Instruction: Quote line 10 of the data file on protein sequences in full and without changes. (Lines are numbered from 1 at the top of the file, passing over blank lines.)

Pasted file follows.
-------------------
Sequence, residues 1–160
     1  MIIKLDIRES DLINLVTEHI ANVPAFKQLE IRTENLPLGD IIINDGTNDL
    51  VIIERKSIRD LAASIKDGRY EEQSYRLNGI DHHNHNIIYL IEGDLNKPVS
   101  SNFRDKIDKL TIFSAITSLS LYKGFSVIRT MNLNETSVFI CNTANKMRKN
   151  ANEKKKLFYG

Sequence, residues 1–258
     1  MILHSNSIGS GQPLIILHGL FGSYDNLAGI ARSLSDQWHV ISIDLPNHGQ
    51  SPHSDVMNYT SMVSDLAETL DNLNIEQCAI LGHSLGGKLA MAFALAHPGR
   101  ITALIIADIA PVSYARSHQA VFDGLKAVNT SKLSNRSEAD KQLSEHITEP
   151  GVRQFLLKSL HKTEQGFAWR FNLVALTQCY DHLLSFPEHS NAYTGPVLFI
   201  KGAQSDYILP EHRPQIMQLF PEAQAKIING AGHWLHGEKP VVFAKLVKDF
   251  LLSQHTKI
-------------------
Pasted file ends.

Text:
   151  GVRQFLLKSL HKTEQGFAWR FNLVALTQCY DHLLSFPEHS NAYTGPVLFI